Larry Harnisch reflects on Los Angeles history
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Diana Barrymore was in love with Tennessee Williams and wanted to marry him, the Mirror's Earl Wilson says.
We Quiz Quiz Guy Who Blew $64,000
Al Einfrank isn't exciting news copy. Not any more.
Three years ago, he was.
Then -- according to Nielsen, a man who counts people who sit in front of television sets -- the $83-a-week Los Angeles truck driver was a national idol.
People loved Al Einfrank. At 57, he was a pleasantly homely little man with the gravel voice of a train conductor, a vocabulary which ranged from "ain't" to multi-syllable words which would choke professors, and a vast knowledge of world geography.
The quiz show craze was raging, and the stubby ex-seaman was swept fondly into its madness. And Al Einfrank, the common man's common man, loved every minute of it.
In five weeks on "The $64,000 Question," he cleaned up $32,000. On the sixth week, he gambled it all and lost. His consolation prize was a Cadillac, which he sold for $6,000, pocketing half of it and investing the other in an automobile which wouldn't look out of place in his neighborhood.
Net cash profit: $3,000. But the people loved Al, so six months later he was invited to reappear on "The $64,000 Challenge." This time he went three weeks, built his bankroll to $16,000, and retired.
On a second appearance on the Challenge he was at $8,000 going for $16,000 and he missed. Consolation money was $1,000.
Totaled up, the quiz show craze was good to Al to the tune of roughly $16,000.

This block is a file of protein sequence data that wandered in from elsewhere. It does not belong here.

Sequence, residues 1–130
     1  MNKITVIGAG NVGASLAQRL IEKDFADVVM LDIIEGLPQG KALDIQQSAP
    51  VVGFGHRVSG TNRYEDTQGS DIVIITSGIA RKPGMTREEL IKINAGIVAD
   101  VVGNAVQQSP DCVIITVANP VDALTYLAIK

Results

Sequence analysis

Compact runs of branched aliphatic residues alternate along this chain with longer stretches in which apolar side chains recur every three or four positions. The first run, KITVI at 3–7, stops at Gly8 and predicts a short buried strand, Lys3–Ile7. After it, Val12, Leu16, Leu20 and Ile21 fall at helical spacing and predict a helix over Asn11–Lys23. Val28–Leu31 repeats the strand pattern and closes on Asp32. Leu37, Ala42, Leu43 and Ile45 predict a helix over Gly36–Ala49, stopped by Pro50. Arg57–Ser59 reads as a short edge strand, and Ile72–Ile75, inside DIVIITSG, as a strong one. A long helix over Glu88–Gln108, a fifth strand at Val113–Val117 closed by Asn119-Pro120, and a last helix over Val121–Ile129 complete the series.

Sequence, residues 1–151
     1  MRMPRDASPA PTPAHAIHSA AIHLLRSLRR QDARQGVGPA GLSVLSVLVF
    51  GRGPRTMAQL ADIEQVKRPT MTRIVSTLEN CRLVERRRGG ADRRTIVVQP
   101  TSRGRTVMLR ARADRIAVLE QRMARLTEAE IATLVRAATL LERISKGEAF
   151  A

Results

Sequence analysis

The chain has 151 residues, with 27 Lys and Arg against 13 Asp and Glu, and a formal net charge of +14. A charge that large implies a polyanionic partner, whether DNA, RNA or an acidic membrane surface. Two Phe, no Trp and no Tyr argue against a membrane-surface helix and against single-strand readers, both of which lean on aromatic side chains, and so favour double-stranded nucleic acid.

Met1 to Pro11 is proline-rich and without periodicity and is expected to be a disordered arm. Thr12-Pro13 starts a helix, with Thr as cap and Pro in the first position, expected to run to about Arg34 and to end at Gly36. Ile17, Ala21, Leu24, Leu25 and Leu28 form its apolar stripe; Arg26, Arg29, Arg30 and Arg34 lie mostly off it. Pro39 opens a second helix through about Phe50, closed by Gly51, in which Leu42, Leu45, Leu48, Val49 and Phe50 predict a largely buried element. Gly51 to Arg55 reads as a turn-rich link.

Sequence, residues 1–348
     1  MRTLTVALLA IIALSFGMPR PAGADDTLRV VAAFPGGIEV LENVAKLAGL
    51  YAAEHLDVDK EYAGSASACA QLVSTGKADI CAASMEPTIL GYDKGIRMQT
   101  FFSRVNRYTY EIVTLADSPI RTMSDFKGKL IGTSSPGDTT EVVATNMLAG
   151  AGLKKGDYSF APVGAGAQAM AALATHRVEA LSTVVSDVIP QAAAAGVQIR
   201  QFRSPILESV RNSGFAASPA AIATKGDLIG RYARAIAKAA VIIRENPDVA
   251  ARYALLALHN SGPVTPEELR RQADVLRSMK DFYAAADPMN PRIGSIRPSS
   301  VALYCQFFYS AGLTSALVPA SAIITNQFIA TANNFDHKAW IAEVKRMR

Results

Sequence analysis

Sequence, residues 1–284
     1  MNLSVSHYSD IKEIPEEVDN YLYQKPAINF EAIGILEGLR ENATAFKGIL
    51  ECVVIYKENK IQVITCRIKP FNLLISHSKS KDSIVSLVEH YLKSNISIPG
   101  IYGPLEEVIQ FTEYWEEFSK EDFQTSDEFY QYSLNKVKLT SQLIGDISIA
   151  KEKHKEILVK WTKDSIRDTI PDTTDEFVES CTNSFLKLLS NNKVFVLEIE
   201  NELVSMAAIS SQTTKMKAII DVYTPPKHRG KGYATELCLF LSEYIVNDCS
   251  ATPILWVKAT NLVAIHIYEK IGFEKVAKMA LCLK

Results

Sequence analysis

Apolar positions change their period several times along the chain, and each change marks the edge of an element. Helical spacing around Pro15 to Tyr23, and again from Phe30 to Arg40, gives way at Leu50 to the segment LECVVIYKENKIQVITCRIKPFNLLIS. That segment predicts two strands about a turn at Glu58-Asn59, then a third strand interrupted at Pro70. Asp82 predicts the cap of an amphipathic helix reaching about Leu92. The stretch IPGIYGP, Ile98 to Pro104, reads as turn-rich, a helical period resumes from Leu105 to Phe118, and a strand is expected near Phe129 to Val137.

I first met Al when he took the $16,000 gamble and lost -- and reportedly, in the process, almost lost his happy home of 33 years. ("The wife's a little upset," he said. "She wanted me to stop at $32,000.")
Our next contact came -- not surprisingly -- when the quiz scandals broke. I called him to find out if he'd been "fixed."
His answer was no. It was a "no" supported by the circumstantial fact that he lost the big question.
After that, I talked with Einfrank a few times. He was the kind of man whom it's a pleasure to keep in touch with.
He'd tell me the news- that he was back at Douglas' El Segundo plant as a dispatcher, that his relatives were still bugging him about not taking the $32,000 and quitting, but that his wife had forgiven him.
Yesterday, Al dropped by the office again.
He wore his patent smile and in the course of the conversation mentioned that he'd been laid off at work.
"Seven years I been there," he said. "Things are really slow."
I asked him if he was hurting.
"No," he laughed. "Don't be silly. I got unemployment and my Navy pension."
The $16,000 was long gone, he admitted. "What we did," he said, "we lived $5,000 above our income for three years. Vacationed in Honolulu. Things like that.
"The future doesn't bother me," he said. "It's just the idleness. It's been almost a month. I been looking every day -- truck driver jobs, warehouseman, dispatcher, guard. Physically, I'm in great shape.
"But," he added, "I'm 59."
I asked Al, "If you had that $16,000 cash again, what would you do with it?"
Einfrank leaned forward, frowning. "I'd take it," he said, "and invest it in a little business. A little store. A small trucking operation. Something to make sure the wife and I would be provided for.
Yes, We Don't Believe Him
"You believe me, don't you?" he added, almost in a whisper.
I started to nod that I did when he interrupted me with his grating laugh.
"What I'd do," he started again, "I'd see some of this geography I've read so much about. Mexico first. Then the U.S. and Canada.
"I'd buy us a camper truck. Fully equipped. That's $3,000. I know just where I can get one, too. A friend of mine . . . "
His words trailing behind him, Mr. Geography was out the door, laughing all the way.
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